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by design

Thursday, 08 May 2008

It's a fine line between love and tech

When your computer people talk, your brain hears radio static. Or, maybe, you feel frustrated by the thought of another conversation that doesn't start and end with a simple 'no' or 'yes.'  These people, who you brought in to help make your business run smoother - these people are making you insane with jargon and gibberish.

Yes?  And even though you say, frequently, "that's too technical for me," they still continue to bring the crazy-talk?

Let me take you back a year or five ago, to the day when those computer people were new and shiny, not the haggard, coffee-clutching crew you see before you today.  When what they said sounded strange, but you went with it, because what came from their hands was pure magic.

Remember that?  You loved them.  They were young, and fearless.  And they could solve problems you didn't know you had, and didn't want to deal with.

Now that everyone is a little more technical, the problem of communication between computer people and "everyone else" is becoming more complex.  When you can log in, edit, update, and broadcast, with [...]More
From by design by Fran Wilde on 08 May 2008Permalink

Saturday, 12 January 2008

the internet is people

(with apologies to the makers of Soylent Green)

Yes, websites can pretty much run by themselves if they're set up well.  They'll keep selling your product or telling your story while you sleep.  And they'll do it beautifully.  They don't take vacations, or ask for a corner office. 

They do require regular tending by humans, however.    This is true whether you have a very basic site that mimics a brochure, or a very dynamic, changes-every-day, resource that has become a site-of-choice for the masses.  

People make the internet vibrant; their input on your website makes things fresh. It keeps the most up-to-the-moment ideas front and center.  And your website can help your people do this in amazing ways.

These include:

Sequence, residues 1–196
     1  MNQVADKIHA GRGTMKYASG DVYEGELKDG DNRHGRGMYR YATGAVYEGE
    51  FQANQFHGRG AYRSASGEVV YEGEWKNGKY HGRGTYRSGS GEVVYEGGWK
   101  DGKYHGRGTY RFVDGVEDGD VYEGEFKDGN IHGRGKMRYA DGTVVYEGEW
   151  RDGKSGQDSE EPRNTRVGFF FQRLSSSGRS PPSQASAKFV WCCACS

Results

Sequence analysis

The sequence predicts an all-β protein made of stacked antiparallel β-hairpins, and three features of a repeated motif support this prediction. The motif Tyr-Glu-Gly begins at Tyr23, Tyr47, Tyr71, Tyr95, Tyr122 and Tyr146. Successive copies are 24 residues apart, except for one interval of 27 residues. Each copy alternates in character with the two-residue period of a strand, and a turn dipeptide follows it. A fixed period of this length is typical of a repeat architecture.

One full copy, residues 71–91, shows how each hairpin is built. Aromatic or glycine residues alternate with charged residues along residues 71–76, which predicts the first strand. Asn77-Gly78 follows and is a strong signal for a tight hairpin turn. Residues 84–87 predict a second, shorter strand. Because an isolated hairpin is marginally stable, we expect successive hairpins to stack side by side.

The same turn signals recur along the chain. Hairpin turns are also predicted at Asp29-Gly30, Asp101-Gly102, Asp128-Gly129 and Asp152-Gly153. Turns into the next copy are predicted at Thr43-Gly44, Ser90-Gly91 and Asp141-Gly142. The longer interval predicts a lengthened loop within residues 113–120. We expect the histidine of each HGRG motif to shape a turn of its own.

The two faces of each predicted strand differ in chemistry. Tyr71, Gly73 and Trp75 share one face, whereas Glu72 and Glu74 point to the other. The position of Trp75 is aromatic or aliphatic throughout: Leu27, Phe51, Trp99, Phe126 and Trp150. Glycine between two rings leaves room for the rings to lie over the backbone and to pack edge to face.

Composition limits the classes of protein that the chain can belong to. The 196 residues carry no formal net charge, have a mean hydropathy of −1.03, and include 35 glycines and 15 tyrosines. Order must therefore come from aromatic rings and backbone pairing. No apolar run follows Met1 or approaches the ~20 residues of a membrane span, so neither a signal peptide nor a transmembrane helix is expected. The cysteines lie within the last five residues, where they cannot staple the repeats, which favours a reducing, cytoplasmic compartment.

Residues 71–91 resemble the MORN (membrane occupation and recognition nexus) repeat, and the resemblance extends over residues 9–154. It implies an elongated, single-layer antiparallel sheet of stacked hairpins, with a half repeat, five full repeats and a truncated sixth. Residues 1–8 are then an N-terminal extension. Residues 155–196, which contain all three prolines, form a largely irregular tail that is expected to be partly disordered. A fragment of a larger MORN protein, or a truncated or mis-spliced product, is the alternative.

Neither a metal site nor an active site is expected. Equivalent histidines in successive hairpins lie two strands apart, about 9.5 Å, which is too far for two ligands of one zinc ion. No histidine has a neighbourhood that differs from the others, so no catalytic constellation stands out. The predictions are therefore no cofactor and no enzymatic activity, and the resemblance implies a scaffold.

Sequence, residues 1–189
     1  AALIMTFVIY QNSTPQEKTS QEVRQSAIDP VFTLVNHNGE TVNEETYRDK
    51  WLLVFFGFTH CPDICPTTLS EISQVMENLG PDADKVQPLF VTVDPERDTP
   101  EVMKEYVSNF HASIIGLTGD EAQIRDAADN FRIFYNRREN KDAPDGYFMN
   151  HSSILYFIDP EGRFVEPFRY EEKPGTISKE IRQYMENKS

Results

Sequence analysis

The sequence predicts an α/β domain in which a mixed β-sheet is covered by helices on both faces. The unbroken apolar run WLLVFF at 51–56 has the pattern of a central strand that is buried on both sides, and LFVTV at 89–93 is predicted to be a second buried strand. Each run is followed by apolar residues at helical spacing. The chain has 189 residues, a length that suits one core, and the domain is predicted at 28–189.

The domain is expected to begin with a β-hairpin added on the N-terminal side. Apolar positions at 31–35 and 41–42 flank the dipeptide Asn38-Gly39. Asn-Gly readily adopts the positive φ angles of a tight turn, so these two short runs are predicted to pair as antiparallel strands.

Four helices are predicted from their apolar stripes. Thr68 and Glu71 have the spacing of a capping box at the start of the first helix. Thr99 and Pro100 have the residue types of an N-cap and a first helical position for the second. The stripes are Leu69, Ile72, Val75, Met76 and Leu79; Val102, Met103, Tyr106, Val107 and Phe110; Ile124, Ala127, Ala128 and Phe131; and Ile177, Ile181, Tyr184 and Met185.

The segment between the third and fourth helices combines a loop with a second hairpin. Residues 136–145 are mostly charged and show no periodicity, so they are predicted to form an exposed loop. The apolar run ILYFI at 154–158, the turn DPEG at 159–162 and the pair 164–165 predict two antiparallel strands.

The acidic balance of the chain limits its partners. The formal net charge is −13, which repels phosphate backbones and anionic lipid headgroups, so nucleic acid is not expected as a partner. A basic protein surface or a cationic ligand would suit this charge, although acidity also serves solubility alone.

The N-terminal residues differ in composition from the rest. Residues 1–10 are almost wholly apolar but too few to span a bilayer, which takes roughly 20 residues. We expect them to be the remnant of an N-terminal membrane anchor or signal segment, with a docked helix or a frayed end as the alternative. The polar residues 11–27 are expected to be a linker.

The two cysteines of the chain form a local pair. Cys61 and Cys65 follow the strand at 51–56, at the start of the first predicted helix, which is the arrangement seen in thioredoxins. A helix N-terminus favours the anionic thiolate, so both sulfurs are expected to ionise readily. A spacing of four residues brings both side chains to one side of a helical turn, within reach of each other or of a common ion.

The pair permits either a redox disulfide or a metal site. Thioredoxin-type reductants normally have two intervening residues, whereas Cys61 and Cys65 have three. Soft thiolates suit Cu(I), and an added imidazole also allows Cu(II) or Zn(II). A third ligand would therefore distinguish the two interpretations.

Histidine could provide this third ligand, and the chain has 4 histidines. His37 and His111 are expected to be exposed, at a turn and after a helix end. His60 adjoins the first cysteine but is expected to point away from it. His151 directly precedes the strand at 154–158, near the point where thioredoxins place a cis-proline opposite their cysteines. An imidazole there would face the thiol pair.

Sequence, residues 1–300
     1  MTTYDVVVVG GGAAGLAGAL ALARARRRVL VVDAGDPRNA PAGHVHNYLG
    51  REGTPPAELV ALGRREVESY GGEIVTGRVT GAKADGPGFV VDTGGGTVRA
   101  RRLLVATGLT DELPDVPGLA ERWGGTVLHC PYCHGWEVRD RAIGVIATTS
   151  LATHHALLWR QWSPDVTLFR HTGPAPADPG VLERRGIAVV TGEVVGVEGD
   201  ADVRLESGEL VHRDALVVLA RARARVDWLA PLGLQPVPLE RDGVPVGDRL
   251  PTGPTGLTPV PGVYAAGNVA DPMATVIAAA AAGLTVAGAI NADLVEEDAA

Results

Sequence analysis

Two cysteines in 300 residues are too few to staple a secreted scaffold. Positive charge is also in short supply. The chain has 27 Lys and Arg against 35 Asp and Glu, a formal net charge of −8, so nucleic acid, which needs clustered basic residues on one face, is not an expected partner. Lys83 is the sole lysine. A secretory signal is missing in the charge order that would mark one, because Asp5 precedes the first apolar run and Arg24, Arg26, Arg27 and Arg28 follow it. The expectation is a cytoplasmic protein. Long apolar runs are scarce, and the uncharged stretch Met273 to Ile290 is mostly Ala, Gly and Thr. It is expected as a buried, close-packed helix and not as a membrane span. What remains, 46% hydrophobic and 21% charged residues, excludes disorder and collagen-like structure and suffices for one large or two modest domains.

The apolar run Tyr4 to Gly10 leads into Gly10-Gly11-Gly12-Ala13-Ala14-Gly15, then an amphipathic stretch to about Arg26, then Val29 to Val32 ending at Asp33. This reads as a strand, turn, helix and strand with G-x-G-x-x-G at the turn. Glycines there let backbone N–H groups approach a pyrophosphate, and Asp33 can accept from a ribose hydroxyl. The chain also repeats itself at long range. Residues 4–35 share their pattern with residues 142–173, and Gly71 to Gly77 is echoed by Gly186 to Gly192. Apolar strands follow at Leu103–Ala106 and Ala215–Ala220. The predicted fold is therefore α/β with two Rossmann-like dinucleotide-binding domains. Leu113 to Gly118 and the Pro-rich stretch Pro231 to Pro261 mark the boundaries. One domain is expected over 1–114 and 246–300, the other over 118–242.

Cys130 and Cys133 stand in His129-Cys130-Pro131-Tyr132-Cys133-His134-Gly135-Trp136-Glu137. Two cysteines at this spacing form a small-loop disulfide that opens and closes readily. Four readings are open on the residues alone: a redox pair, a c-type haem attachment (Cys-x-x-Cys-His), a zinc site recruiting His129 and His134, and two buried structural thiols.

• daily updates to news on the front page.  Showing people who you are by what you do.
  • personal and public interactions with visitors who leave messages, especially on your blog, customer feedback area, or visitor's log, but also by email and in conversation.
  • refreshing images and updating information - your business changes every
[...]More
From by design by Fran Wilde on 12 Jan 2008Permalink

Monday, 19 November 2007

beyond redesigns

If you're still thinking about redesigning your site every couple of years and then announcing a splashy 'launch' - stop. 

Plan for your site's evolution instead.

A site that is designed to grow as you do will serve you better in the long run.  This isn't easy.  It takes good architecture, a good sense of what your long-term goals are, and a designer with a solid understanding of dynamic sites.
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From by design by Fran Wilde on 19 Nov 2007Permalink

Thursday, 15 November 2007

hand in glove

if code and content are the bones and brawn of a website, design should be a custom-cut, Italian leather glove - something beautiful that doesn't obscure the point of the site, or impede its ability to function.  Even better if it is nearly impossible to tell where function ends and design begins.  Skin, rather than glove.

that said, some cautions to keep in mind that will give your site a perfect fit, rather than muffling it in a frumpy mitten.

  • a 'just put it up and we'll deal with it later' decision-making process guarantees clutter.
  • more is not always better.
  • know your business goals.  they'll serve you better in the long run than knowing which other websites you want to be like today.
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From by design by Fran Wilde on 15 Nov 2007Permalink
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